Pests and Diseases: Fire Blight

After a week talking about our Lunatic Tour at Polyface Farms, it’s time to get back to gardening. While I believe that we can learn a lot about gardening from Polyface Farms, I know that you have questions about the plants that you are growing in your backyard. If you have Bradford Pears in your yard, you may be experiencing symptoms that look like this:

fire blight

This picture shows the classic case of fire blight. Fire blight is a bacterial disease that affects Bradford pear trees as well as fruit-producing pears. Its victims can also include apples, crabapples, Pyracantha and hawthornes. Fire blight gets its name from the damage that it causes: it looks like someone has gone around and set the tips of your plants on fire. The leaves turn brown and then black and the affected areas can reach a foot or more from the terminal growth tips. This damage causes a classic shepherd’s hook appearance. Fire blight can also affect the blossoms and they end up turning brown prematurely and dying. Let’s take a closer look at the life cycle of fire blight in order to understand it better.

The bacteria that causes fire blight causes cankers that generally set up shop on the trunks of the trees. These cankers weep and ooze and allow for the bacteria to be transmitted from tree to tree by insects as well as wind driven rain. Sooty mold is often seen growing near the cankers due to their sweet exudate. With the mild winter and wet spring that the Mid-Atlantic Gardening region is experiencing, fire blight infections are a common experience in a landscape still dominated by Bradford Pears. It’s one more reason to remove Bradford Pears from your landscape…or at least vow not to plant anymore.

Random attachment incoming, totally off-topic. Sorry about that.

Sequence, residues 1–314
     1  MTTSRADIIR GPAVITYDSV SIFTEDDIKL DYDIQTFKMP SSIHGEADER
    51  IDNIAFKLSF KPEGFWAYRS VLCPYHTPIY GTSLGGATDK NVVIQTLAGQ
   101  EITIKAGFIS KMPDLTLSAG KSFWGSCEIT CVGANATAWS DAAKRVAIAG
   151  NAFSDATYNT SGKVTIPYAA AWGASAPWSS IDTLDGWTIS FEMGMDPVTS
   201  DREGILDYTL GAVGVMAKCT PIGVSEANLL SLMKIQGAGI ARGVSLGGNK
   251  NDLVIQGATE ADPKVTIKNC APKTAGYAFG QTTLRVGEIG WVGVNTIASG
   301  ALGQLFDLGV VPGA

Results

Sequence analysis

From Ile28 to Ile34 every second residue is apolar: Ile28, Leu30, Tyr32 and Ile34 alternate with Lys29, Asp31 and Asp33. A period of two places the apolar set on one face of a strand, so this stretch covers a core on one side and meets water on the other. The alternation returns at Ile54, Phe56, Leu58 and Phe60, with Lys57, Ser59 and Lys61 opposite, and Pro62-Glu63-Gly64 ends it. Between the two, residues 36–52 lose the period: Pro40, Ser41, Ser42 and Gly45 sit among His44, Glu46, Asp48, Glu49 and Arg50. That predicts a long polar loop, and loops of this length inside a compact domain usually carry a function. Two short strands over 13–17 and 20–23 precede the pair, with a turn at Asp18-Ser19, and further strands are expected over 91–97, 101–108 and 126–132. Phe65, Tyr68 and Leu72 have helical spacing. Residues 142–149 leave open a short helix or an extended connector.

So what can you do if your trees are infected? If the outbreak is relatively minor, you can prune out the infected branches, ensuring that you remove an additional 8″-12″ of stem below the apparent infection. Dispose of these branches in a landfill or burn them if your local conditions permit it. You can also spray your trees with a bactericide every 7-10 days from bloom time through the spring rainy season but who wants to go through all of that trouble?

The old saying that “an ounce of prevention is worth a pound of cure” certainly applies here. There are many, many varieties of apples, pears and crabapples that are resistant to fire blight. While that doesn’t mean that these varieties will never get fire blight, it does mean that they stand a fighting chance without a lot of fussing over them by you. Resistant apple varieties include Honeycrisp, Jonagold and Winesap. Resistant pear varieties include Honeysweet, Magness and Moonglow. If crabapples are more your style, consider planting Candied Apple, Louisa or Prairie Fire. Consult your local extension agent for other varieties that work well in your gardening area.

If you have experience with combating fire blight in your landscape, please leave me a comment below or e-mail me at If you enjoy being part of the Mid-Atlantic Gardening community, join our e-mail list, become a fan on Facebook and follow me at Twitter. Happy gardening!